Virginia Roads - US 13

US 13

Virginia gets inventive when naming rest areas, this by the NC border.

Either VA Secondary 616 or 647 West in far southern Virginia, in either Whaleyville or Nurneysville, courtesy Lou Corsaro.

An old alignment peeks out of the SB side embankment.

It would seem that the city of Suffolk likes small, misshapen shields and absolutely loves black backgrounds.

Keeping it strange on the US 13/VA 32 NB concurrency, first photo courtesy Lou Corsaro. Business US 13 continues the original routing into Suffolk proper (it merged with its county, so most of it is rural).

More of the tiny strange shields in downtown Suffolk, where Business US 13 turns right and lets VA 32 continue straight onto Business US 460, courtesy Lou Corsaro. It's not even correct, because Business US 58 and 460 also continue right on Business US 13, to meet all three parent routes on the trunkline into Chesapeake.

US 13 NB picks up US 58 EB on the west side of Suffolk, and they meet US 460 a few miles later. As bad as the mini-shield signs are, they're ridiculously inappropriate on a freeway.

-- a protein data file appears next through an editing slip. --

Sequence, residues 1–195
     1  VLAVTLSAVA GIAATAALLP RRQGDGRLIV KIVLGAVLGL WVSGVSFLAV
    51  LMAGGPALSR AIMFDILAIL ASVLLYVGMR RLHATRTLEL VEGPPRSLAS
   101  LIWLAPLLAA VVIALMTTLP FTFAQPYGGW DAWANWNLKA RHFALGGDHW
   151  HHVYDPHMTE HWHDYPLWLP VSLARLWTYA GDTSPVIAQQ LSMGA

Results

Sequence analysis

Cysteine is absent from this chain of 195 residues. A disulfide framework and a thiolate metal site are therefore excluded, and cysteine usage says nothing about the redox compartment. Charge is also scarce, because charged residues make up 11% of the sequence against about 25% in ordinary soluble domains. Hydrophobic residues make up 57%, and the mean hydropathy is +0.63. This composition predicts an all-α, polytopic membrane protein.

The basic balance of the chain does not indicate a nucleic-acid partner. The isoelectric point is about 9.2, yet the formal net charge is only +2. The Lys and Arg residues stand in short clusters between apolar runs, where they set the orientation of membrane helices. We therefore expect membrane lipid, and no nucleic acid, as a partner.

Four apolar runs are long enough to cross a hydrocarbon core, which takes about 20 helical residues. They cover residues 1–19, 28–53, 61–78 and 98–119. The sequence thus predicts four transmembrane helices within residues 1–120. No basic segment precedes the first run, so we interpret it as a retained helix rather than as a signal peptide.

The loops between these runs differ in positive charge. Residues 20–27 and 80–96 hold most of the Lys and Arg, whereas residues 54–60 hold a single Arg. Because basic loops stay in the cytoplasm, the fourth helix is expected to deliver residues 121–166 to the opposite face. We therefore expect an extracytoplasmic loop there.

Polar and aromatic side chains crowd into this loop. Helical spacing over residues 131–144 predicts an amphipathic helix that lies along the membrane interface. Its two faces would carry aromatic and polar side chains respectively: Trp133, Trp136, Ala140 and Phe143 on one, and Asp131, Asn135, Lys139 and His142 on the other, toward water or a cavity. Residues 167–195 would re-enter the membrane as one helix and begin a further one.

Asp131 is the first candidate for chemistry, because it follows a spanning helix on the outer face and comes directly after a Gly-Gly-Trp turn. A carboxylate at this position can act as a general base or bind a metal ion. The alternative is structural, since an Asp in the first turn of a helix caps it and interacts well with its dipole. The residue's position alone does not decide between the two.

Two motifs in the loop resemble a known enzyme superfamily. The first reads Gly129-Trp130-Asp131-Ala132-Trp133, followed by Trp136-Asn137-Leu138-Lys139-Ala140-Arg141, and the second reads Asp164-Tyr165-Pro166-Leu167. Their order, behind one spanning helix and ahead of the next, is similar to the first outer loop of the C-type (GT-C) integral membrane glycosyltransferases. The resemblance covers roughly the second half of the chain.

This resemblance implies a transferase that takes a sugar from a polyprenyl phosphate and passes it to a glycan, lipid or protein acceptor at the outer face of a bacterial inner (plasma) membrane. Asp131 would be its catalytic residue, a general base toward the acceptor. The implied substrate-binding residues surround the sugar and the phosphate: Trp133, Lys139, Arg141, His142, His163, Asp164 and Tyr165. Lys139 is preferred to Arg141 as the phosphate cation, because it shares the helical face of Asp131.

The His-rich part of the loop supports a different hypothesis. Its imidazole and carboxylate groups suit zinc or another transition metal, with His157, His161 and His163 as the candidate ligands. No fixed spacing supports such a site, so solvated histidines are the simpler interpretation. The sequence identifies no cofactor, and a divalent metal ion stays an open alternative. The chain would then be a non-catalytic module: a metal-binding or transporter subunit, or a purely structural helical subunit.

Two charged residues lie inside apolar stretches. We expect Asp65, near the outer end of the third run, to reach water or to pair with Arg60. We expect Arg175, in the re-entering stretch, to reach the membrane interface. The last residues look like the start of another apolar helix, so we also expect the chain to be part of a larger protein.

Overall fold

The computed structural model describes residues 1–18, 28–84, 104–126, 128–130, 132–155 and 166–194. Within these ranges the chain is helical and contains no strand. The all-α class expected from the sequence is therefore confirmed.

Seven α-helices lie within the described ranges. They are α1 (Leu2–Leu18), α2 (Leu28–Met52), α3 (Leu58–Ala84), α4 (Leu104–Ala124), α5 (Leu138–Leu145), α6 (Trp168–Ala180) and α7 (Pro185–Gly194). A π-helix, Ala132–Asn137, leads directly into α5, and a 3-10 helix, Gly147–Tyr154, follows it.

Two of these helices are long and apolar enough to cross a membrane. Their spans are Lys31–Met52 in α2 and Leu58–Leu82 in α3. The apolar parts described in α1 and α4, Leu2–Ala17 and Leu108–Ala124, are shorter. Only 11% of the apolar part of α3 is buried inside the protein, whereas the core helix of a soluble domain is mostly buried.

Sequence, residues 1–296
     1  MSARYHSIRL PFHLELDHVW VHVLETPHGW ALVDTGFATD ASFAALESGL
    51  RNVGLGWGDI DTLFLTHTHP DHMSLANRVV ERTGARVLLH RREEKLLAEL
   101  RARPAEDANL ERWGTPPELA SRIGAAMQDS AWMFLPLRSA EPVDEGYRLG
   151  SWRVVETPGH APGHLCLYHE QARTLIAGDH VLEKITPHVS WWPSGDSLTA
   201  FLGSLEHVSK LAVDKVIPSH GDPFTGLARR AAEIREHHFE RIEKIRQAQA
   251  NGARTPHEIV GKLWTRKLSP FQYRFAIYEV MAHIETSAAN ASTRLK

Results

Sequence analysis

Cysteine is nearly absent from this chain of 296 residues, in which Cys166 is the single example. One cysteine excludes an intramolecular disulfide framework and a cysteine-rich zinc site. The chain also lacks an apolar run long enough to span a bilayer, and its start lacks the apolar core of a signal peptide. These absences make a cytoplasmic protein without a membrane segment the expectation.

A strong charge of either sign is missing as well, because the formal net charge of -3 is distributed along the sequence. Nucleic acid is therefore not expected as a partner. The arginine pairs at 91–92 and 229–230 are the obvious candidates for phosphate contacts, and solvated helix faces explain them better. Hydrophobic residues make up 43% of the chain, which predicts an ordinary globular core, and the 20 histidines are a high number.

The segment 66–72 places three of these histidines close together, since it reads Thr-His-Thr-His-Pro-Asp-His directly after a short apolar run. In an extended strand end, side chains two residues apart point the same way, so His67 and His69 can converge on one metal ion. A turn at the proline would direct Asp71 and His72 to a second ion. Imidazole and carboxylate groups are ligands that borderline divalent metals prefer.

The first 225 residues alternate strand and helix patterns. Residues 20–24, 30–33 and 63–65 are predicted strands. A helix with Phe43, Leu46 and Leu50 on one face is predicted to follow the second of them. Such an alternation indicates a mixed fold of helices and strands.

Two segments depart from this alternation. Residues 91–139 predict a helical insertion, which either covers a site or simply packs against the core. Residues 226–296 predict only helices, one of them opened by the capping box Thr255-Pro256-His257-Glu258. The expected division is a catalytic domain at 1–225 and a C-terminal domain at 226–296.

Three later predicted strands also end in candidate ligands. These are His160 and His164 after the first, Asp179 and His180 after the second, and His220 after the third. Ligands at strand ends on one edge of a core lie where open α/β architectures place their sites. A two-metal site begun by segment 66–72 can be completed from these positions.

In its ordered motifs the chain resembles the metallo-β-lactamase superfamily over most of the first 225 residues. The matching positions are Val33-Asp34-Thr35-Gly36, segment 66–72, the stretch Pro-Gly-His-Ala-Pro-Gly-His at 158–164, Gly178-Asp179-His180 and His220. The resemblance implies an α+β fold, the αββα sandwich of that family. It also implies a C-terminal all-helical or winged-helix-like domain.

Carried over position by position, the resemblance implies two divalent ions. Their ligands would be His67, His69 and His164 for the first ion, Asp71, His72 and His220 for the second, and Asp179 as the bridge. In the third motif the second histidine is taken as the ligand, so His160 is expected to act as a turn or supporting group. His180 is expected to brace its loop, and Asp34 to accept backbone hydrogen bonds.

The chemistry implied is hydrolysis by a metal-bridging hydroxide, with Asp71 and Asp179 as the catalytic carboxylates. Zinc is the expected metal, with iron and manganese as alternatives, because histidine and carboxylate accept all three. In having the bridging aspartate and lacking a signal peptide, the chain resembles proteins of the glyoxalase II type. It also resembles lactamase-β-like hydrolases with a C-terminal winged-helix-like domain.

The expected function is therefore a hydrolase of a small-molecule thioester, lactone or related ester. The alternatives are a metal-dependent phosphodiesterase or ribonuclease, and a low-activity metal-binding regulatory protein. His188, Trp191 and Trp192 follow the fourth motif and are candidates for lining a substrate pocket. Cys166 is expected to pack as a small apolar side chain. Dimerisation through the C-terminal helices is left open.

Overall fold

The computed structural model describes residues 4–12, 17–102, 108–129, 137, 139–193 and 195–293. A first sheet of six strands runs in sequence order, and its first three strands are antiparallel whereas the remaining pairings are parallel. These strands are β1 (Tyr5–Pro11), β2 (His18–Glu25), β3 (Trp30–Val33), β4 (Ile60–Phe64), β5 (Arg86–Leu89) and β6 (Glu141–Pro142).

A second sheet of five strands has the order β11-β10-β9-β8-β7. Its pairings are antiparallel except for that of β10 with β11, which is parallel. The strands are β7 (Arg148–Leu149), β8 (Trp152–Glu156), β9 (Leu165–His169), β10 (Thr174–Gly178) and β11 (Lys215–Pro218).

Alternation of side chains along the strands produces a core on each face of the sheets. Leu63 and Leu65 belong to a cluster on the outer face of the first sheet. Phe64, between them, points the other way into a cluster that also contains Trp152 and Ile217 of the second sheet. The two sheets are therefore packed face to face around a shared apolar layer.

All of these signs are on US 13 NB and US 58 EB, but US 460 just ducked off on Old Military Highway. US 13 ought to follow it, but it instead continues through the I-664 interchange and then turns at VA 191 to get back to where it could have been much sooner. The Inner Loop sign on the support for the big overhead gantry isn't all that necessary, but it should be helped.

The base of the SB offramp at the interchange where US 13 NB drops off US 460 EB, which then heads north on VA 161. I think the reason US 13 NB is signed off the SB ramp is for the one cluster of buildings on the SB side between here and I-464.

Northbound (heading east) just after US 460 has left US 13, toward Norfolk. I-464 isn't really US 17, but it does lead straight south into it. Also, US 17 North deserves equal billing (just remove the "South", really) because it's right there on I-64 EB.

SB through the same area, with equally old and/or non-cutout shields, but replacing the narrow NB ones with the bubble style. It looks especially ridiculous on a proper sign blank, as in the second photo.